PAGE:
We suspect that without this service, many would be indeed quite cut off from much of the world!

Stunning views as we slowly gain elevation

Stunning views as we slowly gain elevation

Often we could only look on and marvel, as a tiny old woman would climb from the vehicle, as already said, seemingly in the middle of nowhere.

Then she would unload three or four bags from on board, whilst the drivers assistant (we’ll call him the conductor, as he did sell tickets to any who got on) removed from the roof another four or five huge bags.

How this little old women then carried the goods home was beyond us!

Our driver at the controls. We never could figure out why there was a steering wheel… (left) & possibly the clearest stretch of track on which we travelled (right)

Our driver at the controls. We never could figure out why there was a steering wheel… (left) & Possibly the clearest stretch of track on which we travelled (right)

At about the midway point, we stopped for ten or so minutes at a station where yet another local entrepreneur sat selling puffy pockets of something with a salsa on top.

By now I was a bit peckish, and even though we’d brought snacks, the chance to try some local fare was too good to pass up, so I jumped off and grabbed us a couple.

The salsa, it was spicy, I mean it had a real back of the throat kind of kick!

The ball was truly delicious. A pocket of deep fried mashed potato filled with a small dollop of meat and vegetables along with a bit of egg.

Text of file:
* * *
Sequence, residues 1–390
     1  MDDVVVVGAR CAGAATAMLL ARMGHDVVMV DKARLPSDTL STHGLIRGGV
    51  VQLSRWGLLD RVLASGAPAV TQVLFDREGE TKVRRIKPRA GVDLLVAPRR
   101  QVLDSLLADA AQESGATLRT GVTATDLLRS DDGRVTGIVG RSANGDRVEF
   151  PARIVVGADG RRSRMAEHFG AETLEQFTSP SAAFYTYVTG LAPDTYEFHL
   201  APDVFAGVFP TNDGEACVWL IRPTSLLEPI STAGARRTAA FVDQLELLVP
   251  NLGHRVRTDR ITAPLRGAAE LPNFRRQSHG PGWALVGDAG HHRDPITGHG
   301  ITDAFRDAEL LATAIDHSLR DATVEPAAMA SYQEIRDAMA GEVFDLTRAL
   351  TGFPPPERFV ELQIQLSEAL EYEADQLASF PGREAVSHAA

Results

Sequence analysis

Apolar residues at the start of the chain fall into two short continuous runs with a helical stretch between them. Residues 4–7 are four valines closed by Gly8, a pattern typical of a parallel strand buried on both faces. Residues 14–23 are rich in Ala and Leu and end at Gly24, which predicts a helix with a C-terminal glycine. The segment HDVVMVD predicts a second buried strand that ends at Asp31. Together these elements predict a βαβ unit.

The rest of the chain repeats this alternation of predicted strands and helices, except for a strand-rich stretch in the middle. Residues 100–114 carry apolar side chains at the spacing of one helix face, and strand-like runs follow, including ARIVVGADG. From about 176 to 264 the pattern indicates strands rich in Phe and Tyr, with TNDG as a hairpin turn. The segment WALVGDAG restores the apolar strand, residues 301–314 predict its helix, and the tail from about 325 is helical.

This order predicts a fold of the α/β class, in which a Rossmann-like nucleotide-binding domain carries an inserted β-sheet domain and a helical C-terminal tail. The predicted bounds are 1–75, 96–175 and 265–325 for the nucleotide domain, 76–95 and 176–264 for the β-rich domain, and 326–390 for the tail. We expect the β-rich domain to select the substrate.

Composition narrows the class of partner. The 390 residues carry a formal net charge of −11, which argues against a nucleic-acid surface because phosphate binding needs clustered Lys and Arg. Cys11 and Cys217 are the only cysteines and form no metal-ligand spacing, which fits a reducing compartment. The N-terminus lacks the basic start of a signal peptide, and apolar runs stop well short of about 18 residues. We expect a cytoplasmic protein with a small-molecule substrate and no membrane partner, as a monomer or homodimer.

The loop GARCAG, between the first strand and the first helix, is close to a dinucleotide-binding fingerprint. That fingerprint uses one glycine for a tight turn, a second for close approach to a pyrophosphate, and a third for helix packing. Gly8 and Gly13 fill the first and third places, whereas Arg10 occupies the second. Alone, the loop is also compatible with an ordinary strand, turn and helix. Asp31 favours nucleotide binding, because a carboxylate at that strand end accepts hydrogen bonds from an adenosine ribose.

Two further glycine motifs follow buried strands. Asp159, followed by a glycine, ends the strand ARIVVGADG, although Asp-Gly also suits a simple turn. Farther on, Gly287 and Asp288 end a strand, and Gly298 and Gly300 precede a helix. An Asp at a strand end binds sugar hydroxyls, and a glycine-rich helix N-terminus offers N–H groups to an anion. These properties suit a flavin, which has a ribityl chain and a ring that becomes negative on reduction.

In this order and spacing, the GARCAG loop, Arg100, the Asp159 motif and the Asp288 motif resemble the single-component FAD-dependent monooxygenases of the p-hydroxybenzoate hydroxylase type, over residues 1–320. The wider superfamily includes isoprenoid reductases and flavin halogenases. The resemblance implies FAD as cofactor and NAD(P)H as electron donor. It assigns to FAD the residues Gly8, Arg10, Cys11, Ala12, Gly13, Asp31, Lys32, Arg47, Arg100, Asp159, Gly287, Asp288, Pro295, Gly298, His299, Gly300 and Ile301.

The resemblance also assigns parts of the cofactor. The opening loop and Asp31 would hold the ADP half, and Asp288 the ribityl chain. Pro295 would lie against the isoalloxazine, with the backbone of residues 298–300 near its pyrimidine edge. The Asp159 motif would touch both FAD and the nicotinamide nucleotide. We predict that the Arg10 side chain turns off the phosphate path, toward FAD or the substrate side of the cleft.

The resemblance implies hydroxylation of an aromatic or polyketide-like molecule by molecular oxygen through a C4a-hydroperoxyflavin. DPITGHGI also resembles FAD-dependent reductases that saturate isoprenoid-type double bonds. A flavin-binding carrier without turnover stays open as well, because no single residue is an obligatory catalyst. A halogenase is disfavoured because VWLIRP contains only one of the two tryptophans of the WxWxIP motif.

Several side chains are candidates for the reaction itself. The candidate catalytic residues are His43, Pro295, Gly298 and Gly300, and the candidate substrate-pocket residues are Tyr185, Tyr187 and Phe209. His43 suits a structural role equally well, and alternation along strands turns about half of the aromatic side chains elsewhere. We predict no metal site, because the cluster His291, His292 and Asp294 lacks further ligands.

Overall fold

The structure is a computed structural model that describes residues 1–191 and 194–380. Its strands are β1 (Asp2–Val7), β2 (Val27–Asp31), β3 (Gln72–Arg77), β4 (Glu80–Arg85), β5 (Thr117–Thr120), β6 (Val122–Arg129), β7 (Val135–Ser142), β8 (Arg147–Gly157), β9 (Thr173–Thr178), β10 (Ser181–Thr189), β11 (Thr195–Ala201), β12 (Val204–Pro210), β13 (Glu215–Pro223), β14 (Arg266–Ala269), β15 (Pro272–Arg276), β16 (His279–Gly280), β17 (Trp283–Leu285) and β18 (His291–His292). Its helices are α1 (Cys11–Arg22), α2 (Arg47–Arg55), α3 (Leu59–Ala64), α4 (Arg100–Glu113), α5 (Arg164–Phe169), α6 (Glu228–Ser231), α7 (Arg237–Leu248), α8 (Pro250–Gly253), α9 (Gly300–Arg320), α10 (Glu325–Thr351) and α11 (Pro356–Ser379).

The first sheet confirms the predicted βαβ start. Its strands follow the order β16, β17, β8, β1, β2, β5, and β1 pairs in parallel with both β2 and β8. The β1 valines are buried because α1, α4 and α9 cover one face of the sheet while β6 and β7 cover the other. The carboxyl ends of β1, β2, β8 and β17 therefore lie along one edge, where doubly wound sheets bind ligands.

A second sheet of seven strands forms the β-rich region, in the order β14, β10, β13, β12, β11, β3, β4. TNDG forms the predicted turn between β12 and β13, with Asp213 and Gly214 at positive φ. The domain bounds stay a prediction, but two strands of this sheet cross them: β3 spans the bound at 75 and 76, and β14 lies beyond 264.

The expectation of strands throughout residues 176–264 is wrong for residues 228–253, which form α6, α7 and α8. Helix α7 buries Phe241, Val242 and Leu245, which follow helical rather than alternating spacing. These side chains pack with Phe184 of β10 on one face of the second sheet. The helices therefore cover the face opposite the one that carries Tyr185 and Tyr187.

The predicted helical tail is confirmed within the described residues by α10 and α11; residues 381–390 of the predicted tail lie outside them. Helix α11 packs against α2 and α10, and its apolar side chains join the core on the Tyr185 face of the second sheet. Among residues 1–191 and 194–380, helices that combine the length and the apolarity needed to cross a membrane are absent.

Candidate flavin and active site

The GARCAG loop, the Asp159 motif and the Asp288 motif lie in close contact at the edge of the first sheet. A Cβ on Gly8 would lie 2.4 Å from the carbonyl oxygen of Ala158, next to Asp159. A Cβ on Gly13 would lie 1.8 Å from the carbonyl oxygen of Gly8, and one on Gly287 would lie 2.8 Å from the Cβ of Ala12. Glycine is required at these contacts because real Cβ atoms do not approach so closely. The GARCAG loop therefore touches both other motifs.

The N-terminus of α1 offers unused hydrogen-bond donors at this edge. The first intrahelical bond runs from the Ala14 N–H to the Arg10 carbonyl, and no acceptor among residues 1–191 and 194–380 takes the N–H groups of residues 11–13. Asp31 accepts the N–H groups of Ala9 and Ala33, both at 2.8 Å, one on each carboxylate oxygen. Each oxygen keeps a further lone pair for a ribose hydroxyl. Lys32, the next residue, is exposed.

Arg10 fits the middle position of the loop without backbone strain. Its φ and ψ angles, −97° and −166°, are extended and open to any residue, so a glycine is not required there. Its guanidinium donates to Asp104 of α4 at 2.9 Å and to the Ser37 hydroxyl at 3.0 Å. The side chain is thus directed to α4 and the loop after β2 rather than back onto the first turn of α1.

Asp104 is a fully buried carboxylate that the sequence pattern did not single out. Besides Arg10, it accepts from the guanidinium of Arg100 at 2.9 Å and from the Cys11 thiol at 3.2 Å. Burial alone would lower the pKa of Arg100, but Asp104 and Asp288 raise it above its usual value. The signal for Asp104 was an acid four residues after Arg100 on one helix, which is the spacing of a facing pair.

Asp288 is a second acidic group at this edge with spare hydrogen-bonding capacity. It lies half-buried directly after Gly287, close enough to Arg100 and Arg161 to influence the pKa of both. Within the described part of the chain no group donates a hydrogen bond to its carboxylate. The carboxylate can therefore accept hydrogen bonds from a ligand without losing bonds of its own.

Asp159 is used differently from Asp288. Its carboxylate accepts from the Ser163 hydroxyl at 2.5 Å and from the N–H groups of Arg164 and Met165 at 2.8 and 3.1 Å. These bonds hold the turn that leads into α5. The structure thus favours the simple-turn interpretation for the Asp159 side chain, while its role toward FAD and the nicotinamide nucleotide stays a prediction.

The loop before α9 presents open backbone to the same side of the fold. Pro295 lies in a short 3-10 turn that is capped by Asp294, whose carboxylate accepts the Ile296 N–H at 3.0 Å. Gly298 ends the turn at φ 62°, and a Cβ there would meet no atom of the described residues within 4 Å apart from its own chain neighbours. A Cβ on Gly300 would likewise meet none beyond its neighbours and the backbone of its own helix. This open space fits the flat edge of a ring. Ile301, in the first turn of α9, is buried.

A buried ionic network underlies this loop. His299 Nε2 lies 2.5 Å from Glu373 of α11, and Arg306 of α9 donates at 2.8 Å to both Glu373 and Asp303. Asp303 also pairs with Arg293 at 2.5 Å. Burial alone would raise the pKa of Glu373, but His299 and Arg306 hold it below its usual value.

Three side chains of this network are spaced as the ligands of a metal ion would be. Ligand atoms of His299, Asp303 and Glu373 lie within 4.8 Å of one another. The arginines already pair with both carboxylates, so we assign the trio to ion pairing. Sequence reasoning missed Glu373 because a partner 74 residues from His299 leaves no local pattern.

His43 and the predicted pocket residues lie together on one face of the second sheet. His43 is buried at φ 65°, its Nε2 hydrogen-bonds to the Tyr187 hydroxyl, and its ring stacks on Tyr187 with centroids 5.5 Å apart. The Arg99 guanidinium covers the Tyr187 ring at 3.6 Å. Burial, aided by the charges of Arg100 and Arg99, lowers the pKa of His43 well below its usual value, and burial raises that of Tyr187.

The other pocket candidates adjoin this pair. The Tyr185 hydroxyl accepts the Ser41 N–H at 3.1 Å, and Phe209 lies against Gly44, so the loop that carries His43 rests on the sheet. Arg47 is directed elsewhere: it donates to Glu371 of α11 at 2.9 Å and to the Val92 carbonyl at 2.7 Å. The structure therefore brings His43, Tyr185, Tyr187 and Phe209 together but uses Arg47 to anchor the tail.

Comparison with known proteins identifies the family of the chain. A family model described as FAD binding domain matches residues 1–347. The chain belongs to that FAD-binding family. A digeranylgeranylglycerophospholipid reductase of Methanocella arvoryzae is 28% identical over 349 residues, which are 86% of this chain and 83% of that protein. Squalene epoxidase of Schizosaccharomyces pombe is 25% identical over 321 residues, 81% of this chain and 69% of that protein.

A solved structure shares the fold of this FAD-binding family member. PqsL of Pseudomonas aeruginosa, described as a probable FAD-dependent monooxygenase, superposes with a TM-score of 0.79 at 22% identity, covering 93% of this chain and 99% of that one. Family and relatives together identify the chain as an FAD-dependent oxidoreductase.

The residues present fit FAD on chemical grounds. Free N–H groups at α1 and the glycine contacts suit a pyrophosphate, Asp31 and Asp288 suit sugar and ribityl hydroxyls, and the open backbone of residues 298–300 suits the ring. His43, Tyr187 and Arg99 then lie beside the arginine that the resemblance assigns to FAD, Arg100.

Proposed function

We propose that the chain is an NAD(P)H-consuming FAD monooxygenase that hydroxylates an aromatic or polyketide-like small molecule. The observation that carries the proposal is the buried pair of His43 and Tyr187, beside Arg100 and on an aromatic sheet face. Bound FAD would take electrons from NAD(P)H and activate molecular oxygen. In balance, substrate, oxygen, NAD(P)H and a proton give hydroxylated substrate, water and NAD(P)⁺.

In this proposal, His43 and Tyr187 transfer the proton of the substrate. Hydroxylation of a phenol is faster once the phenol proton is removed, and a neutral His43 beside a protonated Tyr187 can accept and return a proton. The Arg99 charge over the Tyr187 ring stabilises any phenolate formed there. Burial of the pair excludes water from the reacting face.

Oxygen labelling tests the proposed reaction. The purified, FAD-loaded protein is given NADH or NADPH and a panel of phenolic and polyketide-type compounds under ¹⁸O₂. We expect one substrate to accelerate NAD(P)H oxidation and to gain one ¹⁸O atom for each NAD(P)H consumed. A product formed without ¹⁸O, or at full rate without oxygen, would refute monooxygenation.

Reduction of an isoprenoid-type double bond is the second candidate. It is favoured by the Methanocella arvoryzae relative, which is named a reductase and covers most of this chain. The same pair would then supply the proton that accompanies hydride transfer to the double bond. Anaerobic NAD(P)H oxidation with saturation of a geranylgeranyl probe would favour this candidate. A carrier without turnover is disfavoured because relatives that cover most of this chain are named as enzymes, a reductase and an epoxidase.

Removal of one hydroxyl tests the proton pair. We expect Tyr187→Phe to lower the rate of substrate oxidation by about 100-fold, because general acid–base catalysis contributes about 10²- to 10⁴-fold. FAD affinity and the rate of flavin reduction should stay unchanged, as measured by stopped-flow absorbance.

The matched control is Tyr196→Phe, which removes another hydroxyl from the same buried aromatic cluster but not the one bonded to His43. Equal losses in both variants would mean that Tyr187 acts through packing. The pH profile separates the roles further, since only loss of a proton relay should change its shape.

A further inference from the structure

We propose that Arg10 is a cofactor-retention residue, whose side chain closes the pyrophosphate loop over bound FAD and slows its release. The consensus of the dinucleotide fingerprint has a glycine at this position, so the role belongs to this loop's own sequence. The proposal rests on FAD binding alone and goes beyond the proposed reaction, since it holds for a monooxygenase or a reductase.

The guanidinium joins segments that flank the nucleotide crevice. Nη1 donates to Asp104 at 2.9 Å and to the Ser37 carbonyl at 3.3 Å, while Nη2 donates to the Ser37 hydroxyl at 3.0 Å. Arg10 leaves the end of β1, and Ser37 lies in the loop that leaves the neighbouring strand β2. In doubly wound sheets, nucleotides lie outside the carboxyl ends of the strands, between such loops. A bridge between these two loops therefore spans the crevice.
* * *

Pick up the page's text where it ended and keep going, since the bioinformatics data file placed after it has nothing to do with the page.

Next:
I had no idea what it was at the time, but subsequent online research has me thinking it could have been called a Sonso

Eventually we got to a point where we could (or perhaps it was would) go no higher, and the bulk of the back end of the journey was either flat or downhill.

A delicious travel snack!

The Sonso, a delicious travel snack!

From great heights, it was now all downhill

From great heights, it was now all downhill

Most passengers were gone by the time we left the larger town of Betanzos, so for the last hour or so, there remained less than a handful on board.

Finally, around half past two in the afternoon, we pulled in Potosi’s grand station, ready to explore this city of silver.

 

Notes:

* Our scenic rail journey from Sucre to Potosi (on what could only be described as a hybrid bus) took 6 hours, & cost us $25.00 Bolivianos per person.

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11 Responses to Ridin’ the rails

  1. Kevin Wagar says:

    Looks like a cool way to see the countryside! That converted bus is amazing! I’ve never seen anything like that on the rails.

  2. Doreen Pendgracs says:

    Love those views, Chris! They make it worth the wait to board the ‘Brain!’ Glad you got seats. That makes the journey so much more enjoyable.

  3. Mar Pages says:

    This is so unique! It looked like you were traveling through a story from years back. Also love the colours on the ‘five star comfort’ infographics, whether they were accurate or not. 😉

  4. Hey that ride is so unique I definitely want to give it a try. it adds spunk to the tour.

  5. Sanket D. says:

    woah! that looks like good old rough, wild country. Been a while since I have been on your site Chris, and as usual, pleasure following your journey 🙂

  6. elizabeth says:

    I love the picture of the station- it must have made you wonder what was going to arrive!! Sounds like a unique journey. The things you find while traveling!

  7. 6 hours with that kind of view? That’s pretty cool. I love the mountains and the trees. Help me to get it. Is it really a train or a bus driving on the train rail? Hahaha sorry, anyway it look so unique.

  8. Jessica Ayun says:

    I don’t mind the long hours of sitting as I view those intense landscapes

  9. Joeography says:

    What an interesting adventure! The views are incredible! I can only imagine what you expected to show up while waiting for the “Brain”.

  10. Hey Chris! Did this route, too! Are you going to visit Salar?